- Published: 11 April 2013 11 April 2013
So there I was on my roller skates, axle deep in mud, down the unmade road of Park Gardens in the garden of no 49 trying to make out what sort of a place my parents had catapulted me into! There was not much to do there for a 'Townie' boy like me but my pretence soon attracted the interest of the local youths, living in the Council Houses opposite.
They had been very deprecating about our new row of bungalows which had replaced woodland and been 'Jerry built' according to them, with single skin walls, metal windows and 'gaps filled with cement bags and plastered over' but the bungalow was chosen for its cheapness and it was all my parents could afford. We were all on the ground floor, of course, myself in the smallest room (not that any of the bedrooms had any heating) and my glass of water would freeze overnight as it was so cold!
I was soon introduced to the school I was to go to; Hawkwell Holt Primary School, with its appallingly-overcrowded classes of 46+pupils; being a mix of country kids, who were short on academic skills, and newly arrived overspill children from the slums of London all approaching adolescence and with no interest in learning at all. A single form teacher attempted to teach every subject (when even as a much young child, we had specialist teachers in Bruce Grove) and he did it badly. He had no classroom presence and we just ran amok. I gave up on the school and started to play truant regularly and nobody even noticed I was not there. My learning deteriorated such that I nearly failed by 11-plus, like everyone else there, but the headmaster saw the spark in me and I was thought to be a marginal case and was invited to an interview, together with a fat girl called Brenda. They gave me the benefit of the doubt when they met me and off I went to the brand new Rayleigh Sweyne Grammar Technical School to be dressed in my black jacket as fat Brenda failed to impress and went to the Secondary Modern dressed in very un-cool red, but more of my secondary school days later.
By now the girls started to look like girls with their bodies developing a little differently and were becoming to look interesting but I was very tall and skinny and ill-dressed and not sure what to make of them. Even my bird-egg-down-the-neck’ trick did not impress them anymore and there were no more newts to try as an alternative. A red-haired girl with bright green eyes and super-soft skin enchanted me with her smile and made me sad even just to look at her but she was not interested in me, even when I tied her pigtails to the bus rails to show I liked her as she sat in front of me! I think that she reminded me of the girl I used to try and corner for ‘kiss chase’ in Napier Road and liked me until I said her favourite yellow and brown dress made her look like a lovely banana and she cried and would not come out again. There was still food rationing in London in the aftermath of the war and I had intended that as a compliment but girls never understand, do they? There were two girls at school, who liked me, a blond and a brunette, but I had to choose between them and failed to do so and so I lost them both! Puberty had crept up on me and I later found out that I could no longer wear my socks for a week when one of them said kindly but mysteriously, “David, your feet, a bit!”. After an hour or two, the penny dropped!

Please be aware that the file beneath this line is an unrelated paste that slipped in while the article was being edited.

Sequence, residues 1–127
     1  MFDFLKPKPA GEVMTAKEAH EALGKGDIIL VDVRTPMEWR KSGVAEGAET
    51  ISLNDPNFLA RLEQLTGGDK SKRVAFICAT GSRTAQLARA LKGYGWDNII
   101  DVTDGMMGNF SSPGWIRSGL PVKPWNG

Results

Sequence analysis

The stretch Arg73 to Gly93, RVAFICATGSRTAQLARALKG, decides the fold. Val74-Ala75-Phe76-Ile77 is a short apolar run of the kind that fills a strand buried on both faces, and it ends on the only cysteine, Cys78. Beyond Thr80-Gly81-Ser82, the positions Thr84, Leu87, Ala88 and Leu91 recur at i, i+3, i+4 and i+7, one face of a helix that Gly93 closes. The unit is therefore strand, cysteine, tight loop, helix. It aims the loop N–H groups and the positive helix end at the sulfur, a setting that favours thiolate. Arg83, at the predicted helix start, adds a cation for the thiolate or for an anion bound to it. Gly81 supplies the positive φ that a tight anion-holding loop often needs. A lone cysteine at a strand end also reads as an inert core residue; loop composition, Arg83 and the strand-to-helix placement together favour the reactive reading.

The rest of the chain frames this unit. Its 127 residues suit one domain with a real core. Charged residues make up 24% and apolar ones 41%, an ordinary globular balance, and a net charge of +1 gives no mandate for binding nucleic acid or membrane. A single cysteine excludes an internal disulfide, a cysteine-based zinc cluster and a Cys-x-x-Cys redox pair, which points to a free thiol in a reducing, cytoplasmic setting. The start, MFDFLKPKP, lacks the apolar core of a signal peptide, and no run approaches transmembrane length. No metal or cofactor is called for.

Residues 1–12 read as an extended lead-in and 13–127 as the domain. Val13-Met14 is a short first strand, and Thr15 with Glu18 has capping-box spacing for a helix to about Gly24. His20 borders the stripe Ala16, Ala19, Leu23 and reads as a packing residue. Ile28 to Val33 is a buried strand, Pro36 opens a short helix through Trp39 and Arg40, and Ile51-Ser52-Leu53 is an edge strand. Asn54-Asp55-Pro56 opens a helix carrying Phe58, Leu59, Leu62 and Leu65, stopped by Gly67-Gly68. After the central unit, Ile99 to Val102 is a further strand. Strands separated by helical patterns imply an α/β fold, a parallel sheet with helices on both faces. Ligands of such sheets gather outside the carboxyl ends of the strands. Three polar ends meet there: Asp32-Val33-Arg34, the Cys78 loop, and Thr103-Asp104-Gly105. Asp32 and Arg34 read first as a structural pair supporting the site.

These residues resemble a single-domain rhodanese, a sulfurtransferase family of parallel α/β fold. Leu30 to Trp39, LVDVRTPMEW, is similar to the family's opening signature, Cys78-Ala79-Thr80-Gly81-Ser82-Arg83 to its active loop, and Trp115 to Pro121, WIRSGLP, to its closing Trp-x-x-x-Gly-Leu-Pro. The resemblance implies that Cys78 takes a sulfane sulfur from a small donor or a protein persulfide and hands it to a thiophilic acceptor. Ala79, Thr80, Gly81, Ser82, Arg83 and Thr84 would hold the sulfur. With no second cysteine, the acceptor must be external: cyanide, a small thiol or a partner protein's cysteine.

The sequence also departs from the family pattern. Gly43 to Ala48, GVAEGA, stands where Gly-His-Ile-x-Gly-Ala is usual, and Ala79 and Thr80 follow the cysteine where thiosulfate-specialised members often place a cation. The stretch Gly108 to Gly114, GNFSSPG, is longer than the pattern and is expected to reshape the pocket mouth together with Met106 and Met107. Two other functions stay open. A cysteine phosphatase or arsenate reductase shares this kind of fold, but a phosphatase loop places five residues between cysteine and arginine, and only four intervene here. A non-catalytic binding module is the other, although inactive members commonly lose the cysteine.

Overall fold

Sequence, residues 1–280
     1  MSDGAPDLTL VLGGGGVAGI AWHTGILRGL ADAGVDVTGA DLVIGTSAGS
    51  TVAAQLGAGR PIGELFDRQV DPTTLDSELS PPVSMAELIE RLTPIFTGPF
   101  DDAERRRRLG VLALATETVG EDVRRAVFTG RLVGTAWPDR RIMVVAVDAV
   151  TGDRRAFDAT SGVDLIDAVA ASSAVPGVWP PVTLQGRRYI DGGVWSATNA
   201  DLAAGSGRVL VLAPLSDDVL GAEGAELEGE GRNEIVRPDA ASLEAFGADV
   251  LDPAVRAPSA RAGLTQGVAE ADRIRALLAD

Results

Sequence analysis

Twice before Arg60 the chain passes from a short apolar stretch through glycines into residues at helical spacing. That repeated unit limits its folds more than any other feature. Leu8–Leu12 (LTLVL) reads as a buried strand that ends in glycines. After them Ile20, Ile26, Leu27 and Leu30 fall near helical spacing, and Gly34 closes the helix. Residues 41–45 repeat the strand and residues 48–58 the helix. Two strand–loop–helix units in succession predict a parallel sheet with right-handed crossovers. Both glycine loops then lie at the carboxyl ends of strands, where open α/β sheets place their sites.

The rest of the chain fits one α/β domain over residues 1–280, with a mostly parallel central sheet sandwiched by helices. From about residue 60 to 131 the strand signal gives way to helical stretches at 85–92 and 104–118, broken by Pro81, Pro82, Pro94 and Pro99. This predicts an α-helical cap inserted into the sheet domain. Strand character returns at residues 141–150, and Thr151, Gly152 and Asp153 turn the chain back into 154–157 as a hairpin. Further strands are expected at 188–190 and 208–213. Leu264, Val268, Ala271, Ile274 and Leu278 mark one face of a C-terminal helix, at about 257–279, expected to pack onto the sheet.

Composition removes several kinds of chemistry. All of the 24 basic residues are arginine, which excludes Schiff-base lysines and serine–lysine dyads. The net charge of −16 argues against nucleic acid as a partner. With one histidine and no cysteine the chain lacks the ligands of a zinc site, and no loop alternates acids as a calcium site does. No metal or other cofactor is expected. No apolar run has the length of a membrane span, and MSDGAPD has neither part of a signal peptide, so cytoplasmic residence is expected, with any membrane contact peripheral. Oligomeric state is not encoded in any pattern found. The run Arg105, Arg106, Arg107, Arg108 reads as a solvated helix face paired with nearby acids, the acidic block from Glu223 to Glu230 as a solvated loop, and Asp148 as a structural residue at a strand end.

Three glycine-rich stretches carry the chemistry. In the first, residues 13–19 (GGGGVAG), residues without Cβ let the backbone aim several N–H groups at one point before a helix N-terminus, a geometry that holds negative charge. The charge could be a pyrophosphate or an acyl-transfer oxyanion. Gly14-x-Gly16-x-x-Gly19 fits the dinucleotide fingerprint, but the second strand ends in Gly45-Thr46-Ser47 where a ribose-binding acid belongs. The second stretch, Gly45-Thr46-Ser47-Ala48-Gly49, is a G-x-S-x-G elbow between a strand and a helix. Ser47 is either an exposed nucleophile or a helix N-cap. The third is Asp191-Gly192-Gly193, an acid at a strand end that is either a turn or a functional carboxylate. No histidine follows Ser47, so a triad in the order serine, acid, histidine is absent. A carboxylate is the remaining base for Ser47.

At least I had something in common with these local yobs. Smelly socks were fine with them, and I knew a thing or two about birds and their nests and my height was a huge asset so we could go bird-nesting together and my collection of eggs soon grew by leaps and bounds. They had another hobby too, taking of corvid chicks as pets, with pet magpies a favourite but also jays, which were very common, and crows would be good too, if we could climb the high trees. We spent hours trying to make them talk. It was surprising how tame the chicks became but I was quite a celebrity when I found an abandoned Little Owl chick and tamed it but it did not last very long. The older brothers had air rifles but I was as yet too young but we walked with them as they hunted. My friend’s older brother impressed me greatly with his marksmanship and his best shot came when he was deep in conversation with a friend and walking along when a particularly loud robin started up on a fence top. Pestered by us, he raised his rifle at his hip and dropped that poor bird with a single .177 shot without aiming and then carried on as if it was not a fluke!